Uganda gets a radiotherapy machine after the only one in the country broke two years ago
Dr Jackson Orem, director of the Uganda Cancer Institute, says about 5,000 cases are referred to the institute each year
Kampala — Uganda’s only radiotherapy machine was officially replaced on Friday, nearly two years after the previous one broke down, leaving the country without a crucial tool for treating cancer patients.
The failure of the old machine in March 2016 caused a public outcry and was seen as symbolising the deterioration of Uganda’s medical services.
Since 1995, Mulago Hospital in Kampala had become a hub for treating cancer patients across East Africa, many of them coming from countries lacking radiotherapy equipment.
On Friday, Prime Minister Ruhakana Rugunda said the new $815,000 Cobalt-60 machine, housed in a concrete bunker at the hospital, was part of a "vision of becoming the East African centre of excellence in the management of oncology". Yukiya Amano, director-general of the International Atomic Energy Agency (IAEA) which helped install the new machine, said Friday’s commissioning was a "major cause of celebration".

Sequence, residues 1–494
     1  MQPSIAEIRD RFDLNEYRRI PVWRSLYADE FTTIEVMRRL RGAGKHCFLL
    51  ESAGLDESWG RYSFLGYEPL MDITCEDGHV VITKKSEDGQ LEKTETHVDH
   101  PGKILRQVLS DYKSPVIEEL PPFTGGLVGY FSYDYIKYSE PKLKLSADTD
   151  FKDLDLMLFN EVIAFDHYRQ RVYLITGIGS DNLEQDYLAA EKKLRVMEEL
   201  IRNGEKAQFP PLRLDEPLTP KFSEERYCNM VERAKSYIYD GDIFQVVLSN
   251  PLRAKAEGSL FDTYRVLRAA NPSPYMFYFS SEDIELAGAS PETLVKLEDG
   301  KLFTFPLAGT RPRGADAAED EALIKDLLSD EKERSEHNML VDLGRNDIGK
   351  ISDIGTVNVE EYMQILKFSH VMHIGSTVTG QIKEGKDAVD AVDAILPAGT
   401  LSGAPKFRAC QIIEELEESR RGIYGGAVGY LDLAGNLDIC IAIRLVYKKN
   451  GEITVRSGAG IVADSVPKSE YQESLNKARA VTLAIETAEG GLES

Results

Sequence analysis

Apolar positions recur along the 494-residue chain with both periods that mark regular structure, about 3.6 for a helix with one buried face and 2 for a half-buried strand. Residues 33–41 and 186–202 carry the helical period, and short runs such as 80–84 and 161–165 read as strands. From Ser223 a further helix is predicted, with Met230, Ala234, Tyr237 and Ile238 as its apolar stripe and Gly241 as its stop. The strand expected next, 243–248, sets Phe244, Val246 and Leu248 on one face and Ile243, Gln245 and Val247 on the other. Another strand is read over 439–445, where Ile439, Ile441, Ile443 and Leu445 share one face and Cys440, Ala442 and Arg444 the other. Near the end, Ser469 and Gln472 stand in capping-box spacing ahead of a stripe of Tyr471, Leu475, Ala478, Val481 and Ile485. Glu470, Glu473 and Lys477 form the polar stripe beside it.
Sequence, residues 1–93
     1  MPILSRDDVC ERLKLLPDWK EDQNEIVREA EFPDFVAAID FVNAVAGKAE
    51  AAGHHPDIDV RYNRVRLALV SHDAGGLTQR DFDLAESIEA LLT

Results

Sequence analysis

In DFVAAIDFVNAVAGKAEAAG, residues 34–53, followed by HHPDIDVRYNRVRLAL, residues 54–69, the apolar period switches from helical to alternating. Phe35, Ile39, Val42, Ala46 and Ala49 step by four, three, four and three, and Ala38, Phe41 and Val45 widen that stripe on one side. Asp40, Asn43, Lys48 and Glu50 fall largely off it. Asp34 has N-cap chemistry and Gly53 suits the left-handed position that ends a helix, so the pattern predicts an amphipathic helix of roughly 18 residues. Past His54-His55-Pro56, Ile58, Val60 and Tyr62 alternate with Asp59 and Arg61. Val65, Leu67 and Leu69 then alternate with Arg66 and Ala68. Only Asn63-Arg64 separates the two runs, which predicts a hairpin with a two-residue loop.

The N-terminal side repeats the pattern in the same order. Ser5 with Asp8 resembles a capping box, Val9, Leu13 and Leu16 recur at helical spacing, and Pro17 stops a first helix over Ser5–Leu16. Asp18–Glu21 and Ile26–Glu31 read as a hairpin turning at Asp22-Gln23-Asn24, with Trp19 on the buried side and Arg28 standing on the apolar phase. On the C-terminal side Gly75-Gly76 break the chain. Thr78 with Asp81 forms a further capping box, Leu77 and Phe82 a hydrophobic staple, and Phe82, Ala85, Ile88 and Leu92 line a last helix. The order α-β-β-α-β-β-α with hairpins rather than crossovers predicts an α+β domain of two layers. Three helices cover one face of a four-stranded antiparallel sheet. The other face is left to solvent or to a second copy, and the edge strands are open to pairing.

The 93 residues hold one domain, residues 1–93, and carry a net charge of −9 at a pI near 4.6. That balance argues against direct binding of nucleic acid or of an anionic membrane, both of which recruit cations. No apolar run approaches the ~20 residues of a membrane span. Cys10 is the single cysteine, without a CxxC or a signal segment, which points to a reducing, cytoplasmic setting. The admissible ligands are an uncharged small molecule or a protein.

The agency and the Ugandan government each paid half of the cost of the machine.
"In 28 countries in Africa there is no cancer machine. [Patients] cannot be diagnosed and they cannot be treated," said Amano.
Dr Jackson Orem, director of the Uganda Cancer Institute, said about 5,000 cases were referred to the institute each year. Many patients showed up with cancer that was at an advanced stage.
The new machine is capable of treating up to 120 people a day.